In the recent AAR post for the Fictioneers Scenario 1 Play-test, I bemoaned my felt pieces of shame on the tabletop to make the woods areas and I promised something better would be coming so here it is. It is a simple craft project that adds a lot to the look of your battlefield terrain. And although mine is a very colorful alien planet, the same idea can be done in greens and browns for a standard Earth landscape.
As a reminder, the idea is to define the woods area so the players all know which figures are in the woods or out of it, and what area is blocked from line-of-sight. This area terrain piece is to be low and flat so figures and the tree/plant models can easily stand on it. I also prefer cheep and easy so this is what I came up with. Felt squares work well in a pinch but I think that this is an upgrade (Before & After):
The woods area markers are simply some cardboard, paint, and a little bit of flocking scraps. Before you start crafting, it is best to plan some. I knew what tote was going to be used to hold all the plant models. It made sense to cut the cardboard small enough to fit flat in the bottom of that tote. Around 12″x6″ in my case. The tote is rectangular so my areas are a bit of an oval/rectangle shape. I tried to avoid straight edges to make then look more realistic. I base coated the cardboard with leftover latex house paint but you can use a can of spray paint too if you have that. Painting cardboard with latex or acrylics will cause it to bow (see below). It is easy to fix this by painting the back also. It will stabilize the contracting forces and return it to being flat. The same is true if you coat it with PVA glue. Just do the same to both sides to keep it flat. You can even do one side, let it dry, and then do the second side. It’s sort of like magic.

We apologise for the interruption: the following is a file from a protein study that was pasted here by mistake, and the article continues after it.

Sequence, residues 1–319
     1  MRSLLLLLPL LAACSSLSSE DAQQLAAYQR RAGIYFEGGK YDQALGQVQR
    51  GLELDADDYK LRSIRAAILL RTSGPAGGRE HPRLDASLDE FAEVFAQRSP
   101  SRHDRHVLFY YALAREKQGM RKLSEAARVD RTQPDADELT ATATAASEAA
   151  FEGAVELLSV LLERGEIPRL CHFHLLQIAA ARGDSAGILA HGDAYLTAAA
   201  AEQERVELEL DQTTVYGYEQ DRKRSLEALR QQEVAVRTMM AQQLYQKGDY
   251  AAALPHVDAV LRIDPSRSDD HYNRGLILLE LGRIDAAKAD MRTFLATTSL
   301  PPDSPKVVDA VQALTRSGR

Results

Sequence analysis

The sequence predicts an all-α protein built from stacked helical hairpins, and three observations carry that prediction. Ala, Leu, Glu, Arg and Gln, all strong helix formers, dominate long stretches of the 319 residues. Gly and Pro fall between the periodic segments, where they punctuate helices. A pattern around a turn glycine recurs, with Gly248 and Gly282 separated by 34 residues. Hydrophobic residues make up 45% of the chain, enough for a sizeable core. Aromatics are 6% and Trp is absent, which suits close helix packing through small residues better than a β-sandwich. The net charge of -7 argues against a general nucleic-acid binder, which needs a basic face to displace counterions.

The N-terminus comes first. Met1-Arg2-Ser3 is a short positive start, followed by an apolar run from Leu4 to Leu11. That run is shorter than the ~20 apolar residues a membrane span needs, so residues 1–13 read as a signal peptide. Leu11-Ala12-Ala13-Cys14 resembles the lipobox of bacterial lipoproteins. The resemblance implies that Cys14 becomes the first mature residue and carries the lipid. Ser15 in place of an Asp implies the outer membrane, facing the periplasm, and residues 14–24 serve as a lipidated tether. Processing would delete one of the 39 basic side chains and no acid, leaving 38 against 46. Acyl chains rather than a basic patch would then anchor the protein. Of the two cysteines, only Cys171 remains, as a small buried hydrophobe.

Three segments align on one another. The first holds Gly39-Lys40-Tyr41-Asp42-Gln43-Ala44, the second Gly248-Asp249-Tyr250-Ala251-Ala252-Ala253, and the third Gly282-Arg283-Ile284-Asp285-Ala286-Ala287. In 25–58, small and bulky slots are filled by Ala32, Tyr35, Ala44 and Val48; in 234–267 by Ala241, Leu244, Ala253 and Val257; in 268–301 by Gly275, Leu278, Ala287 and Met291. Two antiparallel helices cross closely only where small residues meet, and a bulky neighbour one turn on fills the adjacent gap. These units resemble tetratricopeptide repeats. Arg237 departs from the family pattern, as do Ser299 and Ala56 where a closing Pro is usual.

Once that base coat was done, I dabbed some various paint colors onto the cardboard with a large brush. I picked blue, red, and yellow to go with my alien plant leaves but you can pick whatever color goes with your plants. I left a lot of the black showing so this would look a like a shadowy area under the trees/plants. I had some leftover flocking of different types from other projects, including some old spices (oregano if I recall correctly) which I mixed into a weird jumbly mix. Then I ran a couple quick oval tracks of PVA glue and covered it with the flocking mix. Leave large amounts of the painted surface to show. The idea is this adds some texture interest and looks like roots or undergrowth, but does not cause the models of miniature to fall over. I still need to go back and touch of the edges to hide the corrugation of the cardboard. They look fine in person but photographs magnify and light everything so well that it looks bad. Some modeling paste to plug the holes and and swipe of black paint will fix them. If you have access to grafix medium chipboard, or don’t mind spending money on buying it, you will be saved this extra step. I was just wanting to make all these from scraps found around the house.
This project was less than an hour of build time to make four woods area markers. The black basecoat was left to dry over night, but the other colors were applied sequentially and the flocking was added immediately afterward. I left that all to dry over night then hit all the pieces with a clear acrylic spray to help protect it. I expect to have another hour or so filling in all the corrugation edges but that will just be some evening in front of the TV time.
Now when playing a game and several minis, or even just one large model, moves through the woods area, tree/plant models can easily be shifted to accommodate them while still maintaining the woods area definition AND tabletop aesthetics.
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Coming soon: Information regarding AFVs for the Fictioneers!